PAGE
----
We Need to Talk About Kevin
Directed by Lynne Ramsay. Starring Tilda Swinton, Ezra Miller, John C. Reilly, Jasper Newell, Rock Duer, Ashley Gerasimovich, Siobhan Fallon. Written by Ramsay and Rory Kinnear, from the novel by Lionel Shriver.
Note: this week’s big releases are The Hunger Games (showtimes | IMDb), based on the bestselling novel by Suzanne Collins, and Bel Ami (showtimes | IMDb), a romance starring Robert Pattinson and Uma Thurman. Unfortunately, I’m currently in the US, where neither has yet been released – check back next week for reviews.
This coming week also sees Febio Fest, Prague’s largest film festival, which takes place at CineStar Anděl and other venues. Tickets are only 89 CZK; for a full schedule and other info, see the festival website. Opening this week at Febio Fest and other selected cinemas in the Czech Republic is Lynne Ramsay’s We Need to Talk About Kevin, which I take a look at below.
We Need to Talk About Kevin, based on the novel by Lionel Shriver, is a bold and challenging film that deals with a topic that many try to understand, but few (if any) actually do. In the aftermath of a tragedy, everyone is searching for answers, but rarely are they actually found.
Kevin’s narrative jumps around from the present to various moments in the past, not always in chronological order; fleeting memories, perhaps, of the lead character, Eva Khatchadourian, played by Tilda Swinton. As the film cuts back and forth, we often don’t immediately know where we are; the physical appearance of the characters helps to clue us in.
In the present, we gather some terrible event has occurred: Eva is alone, depressed, seeking new employment, and even shunned by the community; when her house is vandalized, she doesn’t call the police, she just begins scrubbing away.
Through fragments of the past, we slowly begin to put her life together. She was (is?) married to Franklin (John C. Reilly). She had a son, Kevin (played at different ages by Ezra Miller, Jasper Newell, and Rock Duer), and a young daughter, Celia (Ashley Gerasimovich). Her life ambitions were put on hold as she raised the family.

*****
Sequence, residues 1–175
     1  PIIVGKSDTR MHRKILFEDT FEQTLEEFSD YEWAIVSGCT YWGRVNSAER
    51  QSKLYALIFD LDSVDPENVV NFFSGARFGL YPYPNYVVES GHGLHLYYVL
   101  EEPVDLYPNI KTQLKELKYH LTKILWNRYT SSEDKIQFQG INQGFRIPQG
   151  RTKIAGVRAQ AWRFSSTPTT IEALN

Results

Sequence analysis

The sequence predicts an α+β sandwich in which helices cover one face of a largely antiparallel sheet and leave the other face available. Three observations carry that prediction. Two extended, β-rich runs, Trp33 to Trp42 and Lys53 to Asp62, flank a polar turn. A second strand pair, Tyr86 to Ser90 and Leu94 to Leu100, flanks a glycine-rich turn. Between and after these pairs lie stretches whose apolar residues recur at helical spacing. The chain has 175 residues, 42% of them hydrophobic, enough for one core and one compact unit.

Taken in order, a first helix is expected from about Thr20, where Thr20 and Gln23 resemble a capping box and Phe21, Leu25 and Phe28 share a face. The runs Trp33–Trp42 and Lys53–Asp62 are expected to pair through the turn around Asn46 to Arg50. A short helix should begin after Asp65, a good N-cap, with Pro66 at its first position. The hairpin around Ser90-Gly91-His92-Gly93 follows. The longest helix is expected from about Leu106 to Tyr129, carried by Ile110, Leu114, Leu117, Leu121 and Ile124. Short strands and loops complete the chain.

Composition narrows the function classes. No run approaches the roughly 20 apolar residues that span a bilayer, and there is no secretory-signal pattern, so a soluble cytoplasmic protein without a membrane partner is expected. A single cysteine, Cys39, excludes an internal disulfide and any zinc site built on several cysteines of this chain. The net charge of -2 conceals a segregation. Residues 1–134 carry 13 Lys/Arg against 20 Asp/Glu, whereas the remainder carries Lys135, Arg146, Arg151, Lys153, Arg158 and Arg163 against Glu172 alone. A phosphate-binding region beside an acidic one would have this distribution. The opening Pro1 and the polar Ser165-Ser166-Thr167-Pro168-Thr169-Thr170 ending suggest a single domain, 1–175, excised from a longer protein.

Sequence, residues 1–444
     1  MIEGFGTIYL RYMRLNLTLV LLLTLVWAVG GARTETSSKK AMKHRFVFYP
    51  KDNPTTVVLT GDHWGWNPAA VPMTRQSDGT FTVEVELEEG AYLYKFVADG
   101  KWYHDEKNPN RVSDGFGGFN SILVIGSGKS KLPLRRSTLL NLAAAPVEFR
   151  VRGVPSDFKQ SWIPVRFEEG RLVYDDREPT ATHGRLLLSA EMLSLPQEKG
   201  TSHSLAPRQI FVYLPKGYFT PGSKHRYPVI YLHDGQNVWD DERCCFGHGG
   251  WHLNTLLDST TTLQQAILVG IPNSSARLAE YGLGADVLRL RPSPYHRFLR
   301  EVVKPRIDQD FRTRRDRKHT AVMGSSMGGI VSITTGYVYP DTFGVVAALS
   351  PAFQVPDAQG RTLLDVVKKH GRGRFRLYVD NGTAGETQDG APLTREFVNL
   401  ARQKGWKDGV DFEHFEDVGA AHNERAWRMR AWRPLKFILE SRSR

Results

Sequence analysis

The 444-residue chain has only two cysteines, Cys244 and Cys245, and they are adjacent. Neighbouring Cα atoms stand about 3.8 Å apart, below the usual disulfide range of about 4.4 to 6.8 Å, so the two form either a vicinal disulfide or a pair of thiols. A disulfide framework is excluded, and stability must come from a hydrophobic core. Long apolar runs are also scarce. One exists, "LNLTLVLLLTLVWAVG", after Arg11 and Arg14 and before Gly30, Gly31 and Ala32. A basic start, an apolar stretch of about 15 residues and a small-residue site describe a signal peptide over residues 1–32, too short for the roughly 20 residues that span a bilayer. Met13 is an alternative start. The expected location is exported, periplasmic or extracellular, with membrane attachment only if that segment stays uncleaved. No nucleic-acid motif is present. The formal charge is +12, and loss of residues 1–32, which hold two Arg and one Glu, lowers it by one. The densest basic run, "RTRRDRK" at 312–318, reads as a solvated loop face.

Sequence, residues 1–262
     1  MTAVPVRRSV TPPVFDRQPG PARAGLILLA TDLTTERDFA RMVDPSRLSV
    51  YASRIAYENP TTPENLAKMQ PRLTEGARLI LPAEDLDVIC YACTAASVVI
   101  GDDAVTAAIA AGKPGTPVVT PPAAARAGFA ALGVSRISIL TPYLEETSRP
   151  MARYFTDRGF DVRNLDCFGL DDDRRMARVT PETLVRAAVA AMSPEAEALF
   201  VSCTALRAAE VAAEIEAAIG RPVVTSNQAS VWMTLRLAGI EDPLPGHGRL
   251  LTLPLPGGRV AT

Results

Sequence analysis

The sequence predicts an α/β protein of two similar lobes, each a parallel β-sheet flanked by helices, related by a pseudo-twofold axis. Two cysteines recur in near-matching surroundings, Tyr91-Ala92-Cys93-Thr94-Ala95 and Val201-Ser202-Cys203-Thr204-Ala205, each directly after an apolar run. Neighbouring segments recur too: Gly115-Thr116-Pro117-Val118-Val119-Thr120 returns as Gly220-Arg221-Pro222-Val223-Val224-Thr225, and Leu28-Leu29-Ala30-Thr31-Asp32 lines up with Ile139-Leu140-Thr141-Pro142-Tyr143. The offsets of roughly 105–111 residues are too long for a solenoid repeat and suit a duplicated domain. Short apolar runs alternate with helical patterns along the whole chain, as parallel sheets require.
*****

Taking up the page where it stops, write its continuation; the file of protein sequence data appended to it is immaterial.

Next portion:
Kevin has…issues. While his relationship with his father seems healthy and loving, the relationship with his mother is anything but. She sees him as…evil; even from a very young age, perhaps stemming from her reluctance to become a mother. But is she right, or does her perception of Kevin color who he becomes?
Is Kevin a monster – or is he a product of his upbringing? We Need to Talk About Kevin is steadfastly ambiguous in regards to these two options, but one thing is very clear: Kevin is bad.
My only reservation with the film is its treatment of the title character; he is a monster, the only question is how did heget that way. He’s simultaneously, presented as the antichrist, whose actions seem dictated by pure evil, and also a poorly-raised son, whose actions are explained as the product of his upbringing. Both sides feel over-explained, in a one-or-the-other scenario; some more shades of grey would have been appreciated.
But then again, this is a portrait of Kevin as seen through his mother’s eyes: she, of course, sees it only these two ways, trying to come to come to terms with Kevin’s actions while placing a great deal of blame on herself.
Swinton’s performance has been widely acclaimed, and the actress was expected to garner an Academy Award nomination; that didn’t happen, which is a shame, because Swinton delivers a powerful, emotionally jarring performance that is much more effective than the other Best Actress nominees (and especially the eventual winner, Meryl Streep for The Iron Lady).
Swinton is front and center throughout much of the film, and features in almost every shot. The supporting cast has much less screen time, though Reilly is excellent in a rare (at this stage in his career) dramatic role, and Miller, as the teenage Kevin, is profoundly disturbing, especially in a climactic sequence with Swinton.
Director Ramsay previously made the striking films Ratcatcher and Morvern Callar; her films have a kind of dreamlike quality that harshly contrasts with reality. We Need to Talk About Kevin is a difficult, provocative film that you aren’t likely to soon forget – it’s tough but essential viewing for those with young children.